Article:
It seems pretty obvious nowadays that companies need to engage with their customers on social networking sites like Twitter. But how can they find the comments that are really worth a response? A startup called InboxQ has one answer: Look for the questions.
Co-founder and president Joe Fahrner said that while there are many services that help brands monitor Twitter, they’re focused on searching for keywords or performing sentiment analysis. There’s not really much a brand can do to respond to many of those comments, except maybe say “thanks” when someone posts something nice, or “sorry” when someone complains.
It’s probably most useful to actually answer the questions that people are asking about your company or your product. So InboxQ looks at all the tweets around a specific keyword or set of keywords and pulls out the messages that include a question. Fahrner said that in many cases, “These questions wouldn’t get answered otherwise.”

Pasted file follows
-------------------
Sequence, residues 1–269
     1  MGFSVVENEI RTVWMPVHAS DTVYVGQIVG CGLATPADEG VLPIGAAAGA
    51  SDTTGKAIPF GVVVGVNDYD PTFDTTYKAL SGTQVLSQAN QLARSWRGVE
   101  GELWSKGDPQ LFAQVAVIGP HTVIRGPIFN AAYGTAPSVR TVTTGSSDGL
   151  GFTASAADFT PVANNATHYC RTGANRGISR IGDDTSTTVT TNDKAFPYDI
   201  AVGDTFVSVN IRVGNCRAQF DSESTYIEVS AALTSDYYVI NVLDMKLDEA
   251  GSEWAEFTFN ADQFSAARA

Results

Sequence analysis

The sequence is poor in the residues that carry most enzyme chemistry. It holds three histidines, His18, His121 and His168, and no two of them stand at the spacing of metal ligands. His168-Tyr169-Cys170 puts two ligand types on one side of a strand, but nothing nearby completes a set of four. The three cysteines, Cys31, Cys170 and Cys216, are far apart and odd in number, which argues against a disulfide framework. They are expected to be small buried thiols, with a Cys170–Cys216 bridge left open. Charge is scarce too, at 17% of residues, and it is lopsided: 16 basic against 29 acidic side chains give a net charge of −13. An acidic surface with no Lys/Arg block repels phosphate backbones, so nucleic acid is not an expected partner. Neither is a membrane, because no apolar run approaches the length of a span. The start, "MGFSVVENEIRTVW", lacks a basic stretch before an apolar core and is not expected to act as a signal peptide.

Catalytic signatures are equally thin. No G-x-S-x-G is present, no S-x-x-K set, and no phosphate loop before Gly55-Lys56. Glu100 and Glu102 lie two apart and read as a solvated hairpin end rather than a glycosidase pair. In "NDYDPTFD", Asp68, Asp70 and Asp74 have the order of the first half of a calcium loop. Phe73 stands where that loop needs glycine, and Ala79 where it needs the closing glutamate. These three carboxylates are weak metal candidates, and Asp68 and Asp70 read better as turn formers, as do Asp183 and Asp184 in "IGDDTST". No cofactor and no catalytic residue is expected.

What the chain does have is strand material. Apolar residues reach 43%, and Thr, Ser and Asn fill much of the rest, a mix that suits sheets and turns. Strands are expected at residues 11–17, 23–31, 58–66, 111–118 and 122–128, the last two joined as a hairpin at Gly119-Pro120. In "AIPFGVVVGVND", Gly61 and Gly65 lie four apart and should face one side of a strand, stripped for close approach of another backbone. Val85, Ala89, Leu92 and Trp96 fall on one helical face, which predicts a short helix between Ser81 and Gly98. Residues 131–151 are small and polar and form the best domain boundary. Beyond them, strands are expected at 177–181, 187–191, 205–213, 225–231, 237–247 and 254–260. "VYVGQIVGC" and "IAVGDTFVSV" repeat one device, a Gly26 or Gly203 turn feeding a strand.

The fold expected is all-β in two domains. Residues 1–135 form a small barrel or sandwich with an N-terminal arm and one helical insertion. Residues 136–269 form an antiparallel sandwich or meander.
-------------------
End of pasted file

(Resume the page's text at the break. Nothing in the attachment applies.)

For example, people are tweeting links to VentureBeat articles all the time — but again, there’s not anything actionable unless I wanted to tweet a thank you to each and every one of them. However, by creating a VentureBeat campaign in InboxQ, I saw that someone posted a question a few days ago: “What is your favorite tech news website? Im split between TechCrunch and VentureBeat.” If I’d caught that earlier, I would have responded with an explanation that VentureBeat is obviously superior.
When InboxQ launched, it was only as a plugin for Google’s Chrome browser. Today it’s launching for Firefox too. If you want to use it, just go to the InboxQ website and it will automatically install the correct plugin based on the browser that you’re using.
The plugin strategy seems like it’s creating unnecessary obstacles for the company — why not just launch a website that anyone can use, regardless of browser? Fahrner said he’s hoping the plugin is more appealing to the social media power users, because it won’t become yet another website that they have to remember and login to.
However, InboxQ plans to expand to other browsers, and it might launch a standalone website in the future, as well as integrate with other social media management tools. Fahrner said he wants to add questions from other social networking services too.